Title

Perceptions of the Feasibility and Practicalities of Text Messaging-Based Infectious Disease Surveillance: A Questionnaire Survey

Document Type

Article

Publication Date

6-1-2016

Publication Title

JMIR mHealth and uHealth

Abstract

Background: In Vietnam, infectious disease surveillance data are collected via a paper-based system through four government tiers leading to a large delay. Meanwhile, mobile phones are abundant and very popular in the country, and known to be a useful tool in health care worldwide. Therefore, there is a great potential for the development of a timely disease surveillance system through the use of mobile phone short message service ( SMS) text messages. Objective: This study aims to explore insights about the feasibility and practicalities of the utilization of SMS text messaging-based interventions in disease-reporting systems by identifying potential challenges and barriers in the text messaging process and looking at lessons learned. Methods: An SMS text messaging-based disease tracking system was set up in Vietnam with patient reports texted by clinic staff. Two 6-month trials utilizing this disease tracking system were designed and implemented in two northern provinces of Vietnam to report two infectious diseases: diarrhea and influenza-like illness. A structured self-reported questionnaire was developed to measure the feasibility and practicalities of the system from the participants. On the completion of the second trial in 2013, participating health staff from 40 commune health centers in the two pilot provinces were asked to complete the survey ( N= 80). Results: Most participants were female ( 61%, 49/ 80) and nearly half ( 44%, 35/80) were heads of a commune health center. Approximately two-thirds ( 63%, 50/80) of participants retained the basic structure of the SMS text message report and there was a strong influence ( OR 28.2, 95% CI 5.3-151.2) of those people on the time they spent texting the information. The majority ( 88%, 70/80) felt the information conveyed in the SMS text message report was not difficult to understand. Most ( 86%, 69/80) believed that they could report all 28 infectious diseases asked for by the Ministry of Health by using SMS text messaging. Conclusions: From a health center staff perspective, a disease-reporting system utilizing text messaging technology is easy to use and has great potential to be implemented and expanded nationwide. The survey showed positive perceptions and feedback from the participants and contributed to a promising practical solution to improve the surveillance system of infectious disease in Vietnam.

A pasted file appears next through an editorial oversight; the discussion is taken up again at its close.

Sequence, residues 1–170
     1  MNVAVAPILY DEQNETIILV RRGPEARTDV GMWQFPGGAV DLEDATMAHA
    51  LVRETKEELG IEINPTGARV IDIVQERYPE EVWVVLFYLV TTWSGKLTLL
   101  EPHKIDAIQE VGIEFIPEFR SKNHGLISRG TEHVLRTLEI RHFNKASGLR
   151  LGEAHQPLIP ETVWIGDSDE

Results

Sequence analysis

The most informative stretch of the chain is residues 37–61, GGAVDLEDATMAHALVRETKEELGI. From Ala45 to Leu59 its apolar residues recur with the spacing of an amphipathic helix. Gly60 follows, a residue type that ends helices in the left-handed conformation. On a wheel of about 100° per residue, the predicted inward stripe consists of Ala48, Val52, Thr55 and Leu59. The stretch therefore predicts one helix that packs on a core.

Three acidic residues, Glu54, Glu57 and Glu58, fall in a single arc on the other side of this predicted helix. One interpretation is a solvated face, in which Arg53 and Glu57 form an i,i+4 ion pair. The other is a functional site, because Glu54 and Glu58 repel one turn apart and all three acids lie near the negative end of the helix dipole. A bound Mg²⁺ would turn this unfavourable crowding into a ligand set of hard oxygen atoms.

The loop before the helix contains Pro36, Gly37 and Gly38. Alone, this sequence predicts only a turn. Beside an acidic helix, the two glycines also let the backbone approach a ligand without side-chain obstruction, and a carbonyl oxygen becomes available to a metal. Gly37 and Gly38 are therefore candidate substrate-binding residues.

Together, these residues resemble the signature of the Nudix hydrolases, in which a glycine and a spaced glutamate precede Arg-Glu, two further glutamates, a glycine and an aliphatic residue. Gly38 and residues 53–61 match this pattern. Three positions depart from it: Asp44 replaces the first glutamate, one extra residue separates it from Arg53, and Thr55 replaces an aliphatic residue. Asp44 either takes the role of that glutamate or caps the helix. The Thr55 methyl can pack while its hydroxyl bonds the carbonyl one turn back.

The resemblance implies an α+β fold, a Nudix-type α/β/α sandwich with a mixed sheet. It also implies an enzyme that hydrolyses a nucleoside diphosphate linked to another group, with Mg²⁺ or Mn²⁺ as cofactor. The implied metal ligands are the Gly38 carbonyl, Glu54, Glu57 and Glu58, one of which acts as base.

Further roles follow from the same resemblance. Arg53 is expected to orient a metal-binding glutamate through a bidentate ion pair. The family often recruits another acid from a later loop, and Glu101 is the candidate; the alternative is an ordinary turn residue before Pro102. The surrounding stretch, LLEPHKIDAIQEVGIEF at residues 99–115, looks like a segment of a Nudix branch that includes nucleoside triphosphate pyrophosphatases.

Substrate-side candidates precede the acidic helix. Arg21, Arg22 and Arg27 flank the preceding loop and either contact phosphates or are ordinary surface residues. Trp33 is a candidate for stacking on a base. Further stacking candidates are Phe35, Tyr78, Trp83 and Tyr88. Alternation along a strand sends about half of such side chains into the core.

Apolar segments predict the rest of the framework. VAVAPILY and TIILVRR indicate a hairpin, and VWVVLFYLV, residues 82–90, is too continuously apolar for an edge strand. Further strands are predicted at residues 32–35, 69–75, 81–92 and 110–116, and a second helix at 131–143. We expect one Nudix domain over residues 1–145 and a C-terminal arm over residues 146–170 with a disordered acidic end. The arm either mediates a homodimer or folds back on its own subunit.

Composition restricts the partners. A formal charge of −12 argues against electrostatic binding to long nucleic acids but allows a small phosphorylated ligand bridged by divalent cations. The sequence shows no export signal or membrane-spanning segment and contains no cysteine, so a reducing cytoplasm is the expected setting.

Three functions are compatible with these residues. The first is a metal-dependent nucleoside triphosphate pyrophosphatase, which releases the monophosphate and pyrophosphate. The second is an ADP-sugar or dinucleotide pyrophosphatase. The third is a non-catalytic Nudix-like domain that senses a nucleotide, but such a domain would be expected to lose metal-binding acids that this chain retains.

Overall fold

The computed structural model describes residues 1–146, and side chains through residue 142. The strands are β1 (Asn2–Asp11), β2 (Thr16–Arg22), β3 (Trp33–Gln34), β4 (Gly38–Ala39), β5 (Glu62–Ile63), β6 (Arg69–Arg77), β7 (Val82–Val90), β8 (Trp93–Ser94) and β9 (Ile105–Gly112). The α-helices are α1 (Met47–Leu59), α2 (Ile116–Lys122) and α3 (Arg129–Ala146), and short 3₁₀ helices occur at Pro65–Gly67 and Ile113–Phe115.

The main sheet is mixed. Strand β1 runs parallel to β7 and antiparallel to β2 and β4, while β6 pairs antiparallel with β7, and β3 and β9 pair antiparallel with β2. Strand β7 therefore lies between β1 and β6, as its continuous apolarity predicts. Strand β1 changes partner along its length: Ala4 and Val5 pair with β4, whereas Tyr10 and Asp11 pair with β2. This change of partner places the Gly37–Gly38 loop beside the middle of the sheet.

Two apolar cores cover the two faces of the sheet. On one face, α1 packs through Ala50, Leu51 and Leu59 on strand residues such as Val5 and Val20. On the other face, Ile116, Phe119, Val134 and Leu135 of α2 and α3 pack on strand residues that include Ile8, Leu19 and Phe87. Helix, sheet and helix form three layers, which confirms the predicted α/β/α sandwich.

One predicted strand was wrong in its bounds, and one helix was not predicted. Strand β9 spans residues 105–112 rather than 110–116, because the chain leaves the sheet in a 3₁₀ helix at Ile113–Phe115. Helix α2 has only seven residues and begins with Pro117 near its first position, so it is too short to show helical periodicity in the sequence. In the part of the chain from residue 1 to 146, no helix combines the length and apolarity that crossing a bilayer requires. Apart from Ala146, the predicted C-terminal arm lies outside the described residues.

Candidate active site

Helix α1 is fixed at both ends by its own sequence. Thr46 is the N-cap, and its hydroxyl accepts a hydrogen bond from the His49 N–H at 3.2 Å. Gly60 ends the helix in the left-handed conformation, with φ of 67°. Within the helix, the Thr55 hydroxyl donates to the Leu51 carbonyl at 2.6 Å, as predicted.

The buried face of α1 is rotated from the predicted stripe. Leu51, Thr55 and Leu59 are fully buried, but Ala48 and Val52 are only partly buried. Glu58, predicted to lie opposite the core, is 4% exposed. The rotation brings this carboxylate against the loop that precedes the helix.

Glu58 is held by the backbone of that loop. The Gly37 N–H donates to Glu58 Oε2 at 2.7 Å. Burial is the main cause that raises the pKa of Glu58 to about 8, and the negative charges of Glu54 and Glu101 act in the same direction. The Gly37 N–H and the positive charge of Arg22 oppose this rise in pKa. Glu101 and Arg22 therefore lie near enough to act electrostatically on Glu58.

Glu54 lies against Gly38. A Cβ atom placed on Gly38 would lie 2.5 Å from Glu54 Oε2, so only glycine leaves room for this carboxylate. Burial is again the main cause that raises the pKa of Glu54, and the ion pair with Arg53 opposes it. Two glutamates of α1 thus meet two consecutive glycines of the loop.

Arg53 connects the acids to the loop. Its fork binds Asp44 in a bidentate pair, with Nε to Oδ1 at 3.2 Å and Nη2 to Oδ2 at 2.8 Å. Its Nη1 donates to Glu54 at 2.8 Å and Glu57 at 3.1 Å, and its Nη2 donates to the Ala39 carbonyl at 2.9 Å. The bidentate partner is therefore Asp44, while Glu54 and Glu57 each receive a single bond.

DOI

10.2196/mhealth.4509

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